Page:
In FIGS. 3-5 and 7, the rear section 50 is provided with an axially-extending bore or passage 52. The driving elements 54, 56 and the electrode 55 are of annular configuration, i.e., they are washer-like having a central opening or passage therethrough. Piezoelectric annular driving elements are available from Venitron Corporation of Cleveland, Ohio. The forward section 58 is provided with an axially extending, threaded bore or passage 60 which communicates with the axially extending passage 20A to the atomizing surface 22A in the atomizing section 16A. The axial passages in the rear, front and atomizer sections and the openings in the driving elements and the electrode are axially disposed to form a fuel passage referenced generally by 62 and extending axially from the exterior of the rear section to the atomizing surface. The relative diameters of the individual passages and openings which form the overall, axially-extending passage 62 for FIGS. 3-5 illustrated in FIG. 6.
In the atomizers of FIGS. 3-5, the rear section 50 includes a central bore 52 of diameter a; the central openings 64, 66 of the driving elements are of diameter b adjacent the ends 56A, 54A of the driving elements, and of diameter a therebetween; the central opening 65 in the electrode 55 is of diameter b; and the front section includes a threaded bore 60 of diameter c located adjacent to the driving elements and which is in communication with the central bore 20A of diameter d, in atomizer section 16A. The threaded section 60 receives the threaded end 68 of a connecting tube 70 (FIG. 5), or the end 69 of the fuel tube itself (FIGS. 3 and 4). The fuel tube 11B (FIG. 3) or the connecting tube 70 (FIG. 5) extends through the passage 52 in the rear section 50, through the openings 64-66 in the driving elements and electrode, and into the forward section 58. The end 68 of the tube 70 or the fuel tube end 69 is threadedly connected in the threaded section 60 and a sealing or joint compound is applied to the joint to insure that there is no leakage.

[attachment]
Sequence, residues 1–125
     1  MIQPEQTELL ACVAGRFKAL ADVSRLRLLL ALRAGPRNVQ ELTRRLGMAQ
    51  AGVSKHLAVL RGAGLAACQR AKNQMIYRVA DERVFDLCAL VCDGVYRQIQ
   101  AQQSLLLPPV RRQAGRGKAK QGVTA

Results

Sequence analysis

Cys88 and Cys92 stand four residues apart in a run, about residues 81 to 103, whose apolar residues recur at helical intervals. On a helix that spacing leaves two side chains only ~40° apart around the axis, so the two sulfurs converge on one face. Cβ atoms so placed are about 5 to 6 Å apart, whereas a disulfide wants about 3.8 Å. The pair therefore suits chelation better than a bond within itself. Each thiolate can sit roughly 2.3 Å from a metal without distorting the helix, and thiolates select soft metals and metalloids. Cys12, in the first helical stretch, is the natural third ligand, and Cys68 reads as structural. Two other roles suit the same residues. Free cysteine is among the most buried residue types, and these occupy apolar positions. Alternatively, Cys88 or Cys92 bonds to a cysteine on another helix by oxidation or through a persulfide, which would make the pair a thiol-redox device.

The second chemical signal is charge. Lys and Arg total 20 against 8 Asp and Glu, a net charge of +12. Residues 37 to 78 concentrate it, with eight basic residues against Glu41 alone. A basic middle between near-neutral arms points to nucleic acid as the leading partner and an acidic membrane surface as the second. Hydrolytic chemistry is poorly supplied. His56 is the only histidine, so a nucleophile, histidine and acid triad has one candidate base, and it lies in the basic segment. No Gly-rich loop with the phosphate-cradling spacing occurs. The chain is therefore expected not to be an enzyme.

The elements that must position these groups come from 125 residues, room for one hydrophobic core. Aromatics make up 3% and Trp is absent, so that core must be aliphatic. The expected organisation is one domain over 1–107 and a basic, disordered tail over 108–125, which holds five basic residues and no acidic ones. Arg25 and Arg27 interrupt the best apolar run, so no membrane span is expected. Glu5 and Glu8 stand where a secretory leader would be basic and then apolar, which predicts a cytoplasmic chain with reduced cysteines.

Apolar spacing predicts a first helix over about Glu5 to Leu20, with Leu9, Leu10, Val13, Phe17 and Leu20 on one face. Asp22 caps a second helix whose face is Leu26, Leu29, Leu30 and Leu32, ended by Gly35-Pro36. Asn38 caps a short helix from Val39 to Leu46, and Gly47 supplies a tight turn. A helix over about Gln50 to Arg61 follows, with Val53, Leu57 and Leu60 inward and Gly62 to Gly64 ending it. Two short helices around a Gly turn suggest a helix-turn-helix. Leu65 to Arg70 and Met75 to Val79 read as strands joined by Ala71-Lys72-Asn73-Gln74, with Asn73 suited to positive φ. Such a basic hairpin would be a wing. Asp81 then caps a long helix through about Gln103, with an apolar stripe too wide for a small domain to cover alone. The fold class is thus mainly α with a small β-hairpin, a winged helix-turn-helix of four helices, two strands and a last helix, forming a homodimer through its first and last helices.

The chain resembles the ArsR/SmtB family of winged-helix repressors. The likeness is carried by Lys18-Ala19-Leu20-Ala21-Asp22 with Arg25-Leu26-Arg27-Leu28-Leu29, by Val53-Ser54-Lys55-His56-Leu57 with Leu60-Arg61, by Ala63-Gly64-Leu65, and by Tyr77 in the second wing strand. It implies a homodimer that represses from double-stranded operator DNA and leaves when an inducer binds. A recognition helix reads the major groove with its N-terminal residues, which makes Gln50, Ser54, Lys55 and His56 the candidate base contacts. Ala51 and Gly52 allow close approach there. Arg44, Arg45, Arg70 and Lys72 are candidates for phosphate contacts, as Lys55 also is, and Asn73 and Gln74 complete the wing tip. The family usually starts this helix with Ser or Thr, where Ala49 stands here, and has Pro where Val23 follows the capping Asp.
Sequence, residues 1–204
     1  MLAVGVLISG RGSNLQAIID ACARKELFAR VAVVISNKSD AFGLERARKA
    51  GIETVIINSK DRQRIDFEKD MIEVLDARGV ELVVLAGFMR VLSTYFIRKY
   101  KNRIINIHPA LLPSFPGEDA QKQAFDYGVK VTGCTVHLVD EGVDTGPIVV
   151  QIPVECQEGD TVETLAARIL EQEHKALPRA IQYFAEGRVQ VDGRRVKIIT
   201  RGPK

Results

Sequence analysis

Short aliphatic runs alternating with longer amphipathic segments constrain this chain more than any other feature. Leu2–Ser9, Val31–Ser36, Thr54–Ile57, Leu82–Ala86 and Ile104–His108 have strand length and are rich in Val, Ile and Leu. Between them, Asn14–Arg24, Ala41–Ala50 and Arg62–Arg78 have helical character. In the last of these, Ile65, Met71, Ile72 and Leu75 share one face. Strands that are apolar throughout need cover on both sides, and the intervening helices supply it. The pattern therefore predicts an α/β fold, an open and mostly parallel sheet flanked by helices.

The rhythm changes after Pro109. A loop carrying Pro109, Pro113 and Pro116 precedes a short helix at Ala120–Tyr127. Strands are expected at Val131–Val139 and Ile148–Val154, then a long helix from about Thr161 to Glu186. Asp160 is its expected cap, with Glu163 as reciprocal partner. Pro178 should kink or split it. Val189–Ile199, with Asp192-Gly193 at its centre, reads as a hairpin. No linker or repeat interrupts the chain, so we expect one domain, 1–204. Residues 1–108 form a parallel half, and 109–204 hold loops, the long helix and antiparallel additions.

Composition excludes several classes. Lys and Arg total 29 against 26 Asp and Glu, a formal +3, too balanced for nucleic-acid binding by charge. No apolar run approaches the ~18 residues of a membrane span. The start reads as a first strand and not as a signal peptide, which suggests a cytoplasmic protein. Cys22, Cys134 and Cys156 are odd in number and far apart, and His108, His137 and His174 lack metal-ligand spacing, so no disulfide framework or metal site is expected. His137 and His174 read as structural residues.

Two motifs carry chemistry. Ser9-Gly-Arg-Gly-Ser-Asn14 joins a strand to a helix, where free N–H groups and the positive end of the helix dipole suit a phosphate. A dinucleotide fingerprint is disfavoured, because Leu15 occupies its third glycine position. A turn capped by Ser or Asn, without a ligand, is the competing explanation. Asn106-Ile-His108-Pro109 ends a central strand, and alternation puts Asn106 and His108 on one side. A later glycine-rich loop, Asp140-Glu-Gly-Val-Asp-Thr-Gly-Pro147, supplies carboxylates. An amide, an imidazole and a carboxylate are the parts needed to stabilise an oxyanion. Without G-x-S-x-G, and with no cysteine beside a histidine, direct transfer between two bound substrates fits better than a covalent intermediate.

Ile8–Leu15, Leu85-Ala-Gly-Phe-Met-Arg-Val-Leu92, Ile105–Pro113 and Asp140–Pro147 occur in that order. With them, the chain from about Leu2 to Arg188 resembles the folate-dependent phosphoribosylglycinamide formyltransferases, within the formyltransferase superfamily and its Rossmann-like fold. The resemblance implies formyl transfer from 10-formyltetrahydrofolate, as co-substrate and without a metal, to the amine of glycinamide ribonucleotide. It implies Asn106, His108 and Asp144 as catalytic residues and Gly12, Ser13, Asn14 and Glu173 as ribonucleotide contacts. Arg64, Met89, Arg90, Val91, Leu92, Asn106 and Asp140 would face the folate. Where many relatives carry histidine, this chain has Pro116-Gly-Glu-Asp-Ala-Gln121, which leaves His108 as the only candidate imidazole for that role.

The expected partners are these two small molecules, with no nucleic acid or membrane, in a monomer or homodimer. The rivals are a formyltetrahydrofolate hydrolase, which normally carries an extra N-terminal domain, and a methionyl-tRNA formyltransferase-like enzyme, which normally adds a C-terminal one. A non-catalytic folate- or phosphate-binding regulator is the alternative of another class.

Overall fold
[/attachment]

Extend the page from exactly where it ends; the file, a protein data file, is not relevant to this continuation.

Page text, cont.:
Referring to FIG. 3, the fuel tube 11B has a threaded end 69 which is received in the threaded section 60 in the front section 58. A decoupling sleeve 71 of Teflon or, according to the invention and as illustrated in FIG. 3, of other suitable material such as aluminum, steel, copper, etc., is disposed in bore 20A and extends to just short of the opening in surface 22A. The decoupling sleeve 71 includes a threaded end section 72 which is threaded onto the threaded section 60 in the atomizer forward section 58.
Referring to FIG. 4, the fuel tube 11C includes a reduced diameter section 73 extending from the threaded section 69A. The reduced diameter section 73 is the decoupling sleeve and is made of the same material as the fuel tube 11C. Providing the decoupling sleeve as part of the fuel tube 11C yields a leak-proof passage throughout the atomizer. When used in place of a Teflon decoupling sleeve, the metal fuel tube decoupling sleeve eliminates the use of a plastic part in the vicinity of potentially high temperatures. Production is also simplified by the use of a single piece. The diameter of the decoupling sleeve portion of the tube is such that it makes light contact with the fuel passage 20A incorporated in the front section 58. This avoids a force fit which may otherwise cause deleterious pressures to be exerted resulting in performance degradation and also avoids the possibility of acoustic coupling between the tube and the front section which may result from a tight fit.